“If this occurs, India could face challenges in maintaining its relationships with strategically and economically important Middle Eastern nations,” Swain opined.
Nonetheless, in Swain’s opinion, it should be mentioned that India does not have particularly strong ties with Iran or its Middle Eastern allies in the first place. And even if it diminishes India’s standing among BRICS countries, India’s stance on the Israel-Hamas conflict is aimed at difference purposes, he argued.
For one, it may help alleviate Western concerns about India’s close ties with Russia regarding the Ukraine War. Additionally, due to deteriorating relations with Canada, Modi also seeks Biden’s support to avoid public reprimands from the West concerning the murder of a Sikh separatist on Canadian soil.
Kugelman too agrees that India may face some new challenges with its Arab partners, who have been unhappy with India’s position during the conflict. Hence, New Delhi will seek to address that concern by assuring them that it remains committed to the Palestinian cause.
According to Kugelman, this is important for India not just because of the importance of these relationships, but also because of China, India’s rival. New Delhi knows that Beijing is ramping up its influence in the Middle East in a big way – from its strategic partnership with Iran to its recent mediation of an Iran-Saudi Arabia rapprochement deal.
“India can’t afford to see its relations with the Arab states suffer, as that could help China pull ahead in its competition with India for influence in the Middle East,” Kugelman said.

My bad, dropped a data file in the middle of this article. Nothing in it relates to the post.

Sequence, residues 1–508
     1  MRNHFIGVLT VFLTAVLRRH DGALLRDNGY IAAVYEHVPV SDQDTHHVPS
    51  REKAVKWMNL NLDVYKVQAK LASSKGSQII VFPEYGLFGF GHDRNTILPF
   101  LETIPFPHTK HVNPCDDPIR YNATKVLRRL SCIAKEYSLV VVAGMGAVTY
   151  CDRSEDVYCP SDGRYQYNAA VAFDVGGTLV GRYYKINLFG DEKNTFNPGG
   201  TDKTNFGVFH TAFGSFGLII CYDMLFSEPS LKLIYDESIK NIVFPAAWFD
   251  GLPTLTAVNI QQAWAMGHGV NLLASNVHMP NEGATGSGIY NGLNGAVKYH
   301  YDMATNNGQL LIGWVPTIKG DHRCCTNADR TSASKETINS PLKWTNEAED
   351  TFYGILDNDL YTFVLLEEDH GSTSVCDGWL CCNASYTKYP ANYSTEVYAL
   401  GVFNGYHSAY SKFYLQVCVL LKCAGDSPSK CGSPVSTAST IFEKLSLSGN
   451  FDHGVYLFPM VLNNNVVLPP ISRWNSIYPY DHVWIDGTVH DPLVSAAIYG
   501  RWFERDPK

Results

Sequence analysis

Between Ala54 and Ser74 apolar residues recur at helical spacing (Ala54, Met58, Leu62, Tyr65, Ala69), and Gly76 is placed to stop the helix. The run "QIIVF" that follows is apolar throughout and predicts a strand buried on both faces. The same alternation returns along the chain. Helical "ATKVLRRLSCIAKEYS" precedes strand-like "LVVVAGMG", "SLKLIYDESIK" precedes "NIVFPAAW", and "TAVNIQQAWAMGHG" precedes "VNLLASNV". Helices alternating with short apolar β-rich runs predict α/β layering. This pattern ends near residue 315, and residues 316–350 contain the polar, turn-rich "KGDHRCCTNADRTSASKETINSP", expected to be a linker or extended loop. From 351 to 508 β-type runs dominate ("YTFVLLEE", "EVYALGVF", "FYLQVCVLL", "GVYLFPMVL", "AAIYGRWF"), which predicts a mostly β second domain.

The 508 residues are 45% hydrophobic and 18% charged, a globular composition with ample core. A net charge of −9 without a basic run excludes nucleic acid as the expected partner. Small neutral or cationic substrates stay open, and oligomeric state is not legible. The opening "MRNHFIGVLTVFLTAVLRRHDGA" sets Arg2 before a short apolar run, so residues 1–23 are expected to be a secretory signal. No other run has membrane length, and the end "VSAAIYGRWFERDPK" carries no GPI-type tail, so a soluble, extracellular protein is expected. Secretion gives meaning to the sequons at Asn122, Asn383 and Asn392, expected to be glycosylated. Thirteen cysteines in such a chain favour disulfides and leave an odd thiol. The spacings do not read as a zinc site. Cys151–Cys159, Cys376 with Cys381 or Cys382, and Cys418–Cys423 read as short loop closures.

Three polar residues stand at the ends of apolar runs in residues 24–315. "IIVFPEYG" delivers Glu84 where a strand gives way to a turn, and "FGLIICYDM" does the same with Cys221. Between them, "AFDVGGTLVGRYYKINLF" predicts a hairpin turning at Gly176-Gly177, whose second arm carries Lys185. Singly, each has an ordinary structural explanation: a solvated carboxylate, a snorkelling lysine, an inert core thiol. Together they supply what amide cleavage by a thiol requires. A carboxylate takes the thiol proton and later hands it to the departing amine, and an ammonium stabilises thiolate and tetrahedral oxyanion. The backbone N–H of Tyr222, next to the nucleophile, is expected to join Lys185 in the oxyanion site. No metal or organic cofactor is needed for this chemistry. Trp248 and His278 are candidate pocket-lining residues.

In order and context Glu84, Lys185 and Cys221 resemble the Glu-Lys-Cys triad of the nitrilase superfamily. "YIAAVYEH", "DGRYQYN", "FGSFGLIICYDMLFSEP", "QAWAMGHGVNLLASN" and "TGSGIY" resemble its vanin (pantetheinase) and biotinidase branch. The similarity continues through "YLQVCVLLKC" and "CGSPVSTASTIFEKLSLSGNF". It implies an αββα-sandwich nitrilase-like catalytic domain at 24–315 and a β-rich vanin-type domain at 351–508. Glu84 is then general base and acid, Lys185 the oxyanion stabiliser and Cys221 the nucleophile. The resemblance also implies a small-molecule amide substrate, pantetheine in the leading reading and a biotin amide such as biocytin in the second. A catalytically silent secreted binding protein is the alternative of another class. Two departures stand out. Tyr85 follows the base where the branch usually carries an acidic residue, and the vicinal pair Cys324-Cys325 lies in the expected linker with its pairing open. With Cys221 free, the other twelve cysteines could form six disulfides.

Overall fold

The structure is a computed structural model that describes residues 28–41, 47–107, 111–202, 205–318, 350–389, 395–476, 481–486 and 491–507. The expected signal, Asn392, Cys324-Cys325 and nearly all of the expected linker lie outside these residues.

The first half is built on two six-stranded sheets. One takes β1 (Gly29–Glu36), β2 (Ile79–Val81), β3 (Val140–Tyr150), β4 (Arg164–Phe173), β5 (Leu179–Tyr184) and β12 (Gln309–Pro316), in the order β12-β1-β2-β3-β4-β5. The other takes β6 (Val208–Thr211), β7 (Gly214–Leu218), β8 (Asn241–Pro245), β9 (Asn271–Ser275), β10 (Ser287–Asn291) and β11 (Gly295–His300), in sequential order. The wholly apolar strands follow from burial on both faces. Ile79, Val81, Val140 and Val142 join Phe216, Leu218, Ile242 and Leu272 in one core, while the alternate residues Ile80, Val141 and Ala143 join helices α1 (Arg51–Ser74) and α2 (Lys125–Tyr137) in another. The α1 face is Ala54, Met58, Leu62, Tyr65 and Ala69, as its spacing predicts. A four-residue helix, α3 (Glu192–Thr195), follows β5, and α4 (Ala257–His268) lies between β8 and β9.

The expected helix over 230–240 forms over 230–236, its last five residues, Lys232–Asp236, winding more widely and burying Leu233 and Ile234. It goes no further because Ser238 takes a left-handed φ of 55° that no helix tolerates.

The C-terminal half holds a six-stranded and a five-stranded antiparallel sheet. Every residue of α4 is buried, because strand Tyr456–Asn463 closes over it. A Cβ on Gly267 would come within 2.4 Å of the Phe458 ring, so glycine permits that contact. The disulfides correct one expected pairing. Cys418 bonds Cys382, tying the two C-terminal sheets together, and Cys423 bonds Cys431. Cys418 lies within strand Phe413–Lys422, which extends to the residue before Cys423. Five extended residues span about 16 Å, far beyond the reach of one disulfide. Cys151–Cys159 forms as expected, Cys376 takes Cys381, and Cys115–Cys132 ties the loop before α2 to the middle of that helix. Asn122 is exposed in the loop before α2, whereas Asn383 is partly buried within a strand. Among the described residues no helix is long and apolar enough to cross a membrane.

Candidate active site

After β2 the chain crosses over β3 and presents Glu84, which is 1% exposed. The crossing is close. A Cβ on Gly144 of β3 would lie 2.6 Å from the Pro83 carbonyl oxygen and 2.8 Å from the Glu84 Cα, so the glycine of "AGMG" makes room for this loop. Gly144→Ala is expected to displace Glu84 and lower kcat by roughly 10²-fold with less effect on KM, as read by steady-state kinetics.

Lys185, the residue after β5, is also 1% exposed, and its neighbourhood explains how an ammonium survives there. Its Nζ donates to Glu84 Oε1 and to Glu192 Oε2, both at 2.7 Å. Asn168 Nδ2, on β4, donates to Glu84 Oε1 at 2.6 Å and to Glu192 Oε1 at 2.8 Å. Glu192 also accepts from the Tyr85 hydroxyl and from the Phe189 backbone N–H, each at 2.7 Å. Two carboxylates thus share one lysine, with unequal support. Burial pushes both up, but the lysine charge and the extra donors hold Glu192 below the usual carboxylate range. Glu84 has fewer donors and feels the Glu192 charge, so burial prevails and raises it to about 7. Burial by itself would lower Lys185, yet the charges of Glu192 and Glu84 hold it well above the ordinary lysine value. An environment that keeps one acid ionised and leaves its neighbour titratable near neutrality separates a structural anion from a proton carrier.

“I also suspect it is quietly engaging very robustly with its top Arab partners – Egypt, Saudi Arabia, the UAE – to ensure them that its pro-Israel position is rooted in its rejection of Hamas terrorism, and it does not represent an abandonment of the Palestinian cause,” he added.
In the meantime, it doesn’t come as a big surprise to Swain that India’s younger generation remains silent on the Gaza conflict and the immense humanitarian crisis Palestinians are enduring.
“They have predominantly been influenced by Hindu supremacist ideology. Despite significant challenges such as unemployment and rampant corruption affecting their present and future, the youth has not yet mobilized for protests,” he reasoned.
Meanwhile, Swain sees a significant commonality between Zionism and Hindu nationalism. According to him, both seek the establishment of a state based on religion. They both prioritize military security for their respective countries, and they also favor strongman leadership over democratic leadership.
The same sentiment is echoed by Essa, who believes Hindutva and Zionism share many similarities, including being expansionist and exclusionary. Both movements describe India and Israel as having been originally Hindu and Jewish civilizations, respectively, that were “contaminated” by outsiders, namely Muslims, and their ambition now is to take them back to their former glory as Hindu and Jewish states.
“Both have extra-territorial visions for their states,” Essa pointed out. “Israel calls it Eretz Israel (Greater Israel) and Hindu nationalists call it Akhand Bharat (Undivided India). This means that as Israel expands its territory through settlements, Hindu nationalists have similar ambitions for Kashmir, with hardliners looking beyond.”
And this Akhand Bharat concept, in spite of being a pipe dream, is serving to assert Hindu supremacy over Muslims in India.
“In this context, the support for Israel falls within the broader umbrella of Islamophobia,” Swain said.
“They know they cannot establish Akhand Bharat, geographically. Its purpose is at the symbolic level, to win over those veering towards Hindu exclusivist ideas at home, as well as among the Indian diaspora,” Philipose added.